CD Review: Judas Priest – Redeemer of Souls

CD Review: Judas Priest – Redeemer of Souls
Epic Records
All Access Rating: A-

Judas Priest - Redeemer of Souls 2014
It's not like Judas Priest hasn't been through this before. After all, the heavy-metal legends lost the god-like Rob Halford, he of the iconic operatic range and leather-and-studs fashions, in the early 1990s to the streets, or at least what passed for street-tough metal back when he was slumming it with Fight.

Tabbing an able replacement in Tim "Ripper" Owens, they remained calm and carried on, recording a couple of fiery live albums, as well as Jugulator and Demolition, two fairly well-received studio efforts. That is the English way, isn't it?

For the thundering aural furnace that is Redeemer of Souls, their latest LP on Epic Records, founding member K.K. Downing, who retired in 2011, was conspicuously absent. In his stead, guitarist Richie Faulkner has thrived, and so has Priest, Redeemer of Souls roaring like a burning chopper from hell and punishing the unbelievers with bone-crushing riffs, spiraling dual-guitar dogfights, heavy rhythmic undercurrents and some of the most panoramic and diverse vocals Halford's ever attempted – his ferocious death-metal bellow and expansive screams on the haunting, canyon-deep "Halls of Valhalla"are worthy of a place in Norse mythology.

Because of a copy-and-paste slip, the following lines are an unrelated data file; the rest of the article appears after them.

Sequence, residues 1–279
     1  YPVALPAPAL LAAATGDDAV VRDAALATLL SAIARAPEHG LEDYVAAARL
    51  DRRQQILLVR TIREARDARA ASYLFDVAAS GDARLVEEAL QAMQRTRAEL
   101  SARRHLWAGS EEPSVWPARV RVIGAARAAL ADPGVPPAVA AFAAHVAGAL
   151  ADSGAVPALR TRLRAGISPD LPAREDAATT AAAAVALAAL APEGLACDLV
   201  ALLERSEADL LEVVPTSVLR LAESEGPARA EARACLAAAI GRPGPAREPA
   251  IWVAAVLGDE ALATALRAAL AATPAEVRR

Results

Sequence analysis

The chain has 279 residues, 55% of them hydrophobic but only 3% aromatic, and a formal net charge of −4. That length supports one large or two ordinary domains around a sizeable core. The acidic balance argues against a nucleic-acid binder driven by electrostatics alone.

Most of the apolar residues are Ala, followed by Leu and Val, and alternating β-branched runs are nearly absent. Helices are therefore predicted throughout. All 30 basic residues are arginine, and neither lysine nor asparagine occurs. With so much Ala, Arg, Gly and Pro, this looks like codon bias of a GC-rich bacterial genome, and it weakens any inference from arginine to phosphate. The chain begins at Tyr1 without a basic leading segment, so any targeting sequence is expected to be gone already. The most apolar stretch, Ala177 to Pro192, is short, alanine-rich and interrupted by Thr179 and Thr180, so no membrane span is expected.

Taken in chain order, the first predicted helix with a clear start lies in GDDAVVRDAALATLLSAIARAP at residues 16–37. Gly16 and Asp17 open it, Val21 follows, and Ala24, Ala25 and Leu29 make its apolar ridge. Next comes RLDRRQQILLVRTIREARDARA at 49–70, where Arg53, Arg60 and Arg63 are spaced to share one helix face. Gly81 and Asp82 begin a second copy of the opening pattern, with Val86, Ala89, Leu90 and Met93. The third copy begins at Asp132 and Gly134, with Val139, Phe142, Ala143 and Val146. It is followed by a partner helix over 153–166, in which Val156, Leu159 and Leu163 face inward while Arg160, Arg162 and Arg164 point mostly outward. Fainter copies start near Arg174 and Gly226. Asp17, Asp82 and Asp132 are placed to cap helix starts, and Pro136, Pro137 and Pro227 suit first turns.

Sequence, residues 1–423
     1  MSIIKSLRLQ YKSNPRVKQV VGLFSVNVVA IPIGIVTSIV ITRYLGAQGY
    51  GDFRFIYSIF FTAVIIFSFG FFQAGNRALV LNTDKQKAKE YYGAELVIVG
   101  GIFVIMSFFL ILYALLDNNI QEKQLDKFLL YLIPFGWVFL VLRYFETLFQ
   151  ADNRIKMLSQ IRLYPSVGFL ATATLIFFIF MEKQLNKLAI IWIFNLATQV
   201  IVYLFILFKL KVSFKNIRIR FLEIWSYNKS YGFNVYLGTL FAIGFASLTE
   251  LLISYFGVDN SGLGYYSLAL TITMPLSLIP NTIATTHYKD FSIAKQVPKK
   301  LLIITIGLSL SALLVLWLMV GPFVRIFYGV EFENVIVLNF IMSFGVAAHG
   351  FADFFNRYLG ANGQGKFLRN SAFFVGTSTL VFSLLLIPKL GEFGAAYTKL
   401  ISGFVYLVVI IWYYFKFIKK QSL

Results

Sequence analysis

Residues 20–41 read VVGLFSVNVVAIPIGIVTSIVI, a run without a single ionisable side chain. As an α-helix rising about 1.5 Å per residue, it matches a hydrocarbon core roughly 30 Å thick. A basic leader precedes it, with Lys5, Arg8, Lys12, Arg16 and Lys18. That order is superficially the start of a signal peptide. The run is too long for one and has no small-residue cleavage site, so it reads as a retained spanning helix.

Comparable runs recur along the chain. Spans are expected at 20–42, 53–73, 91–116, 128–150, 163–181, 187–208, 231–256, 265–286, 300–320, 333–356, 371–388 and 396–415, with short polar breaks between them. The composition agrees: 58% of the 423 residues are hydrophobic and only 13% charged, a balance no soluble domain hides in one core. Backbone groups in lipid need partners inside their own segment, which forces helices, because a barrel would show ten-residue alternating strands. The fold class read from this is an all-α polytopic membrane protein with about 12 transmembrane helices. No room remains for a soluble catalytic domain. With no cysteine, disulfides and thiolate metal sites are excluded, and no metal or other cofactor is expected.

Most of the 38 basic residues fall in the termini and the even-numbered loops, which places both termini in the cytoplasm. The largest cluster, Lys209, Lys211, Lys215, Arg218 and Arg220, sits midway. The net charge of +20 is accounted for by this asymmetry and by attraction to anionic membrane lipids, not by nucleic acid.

Perhaps nothing in Priest's extensive catalog is as darkly melodic as the epic, billowing "Cold Blooded," while "March of the Damned," "Down in Flames," "Dragonaut" and "Hell & Back" are massive guitar orgies, brutal and purposeful one minute and fiercely progressive the next, as songs on Redeemer of Souls evolve and undergo subtle, but usually powerful and unmistakable, metamorphoses, like the one that takes place in the title track.

That's not the case with the frenzied "Metalizer," which dispenses with pretense and simply goes thermonuclear with Priest riffage. This doesn't feel like a final send-off. There's too much energy here, the intense creativity and sharp focus found on Redeemer of Souls hinting that there's a lot of life left in this old machine, even with all the miles they've put on. Then again, adding a new part now and then can provide a spark, and it seems Faulkner has done just that.
– Peter Lindblad

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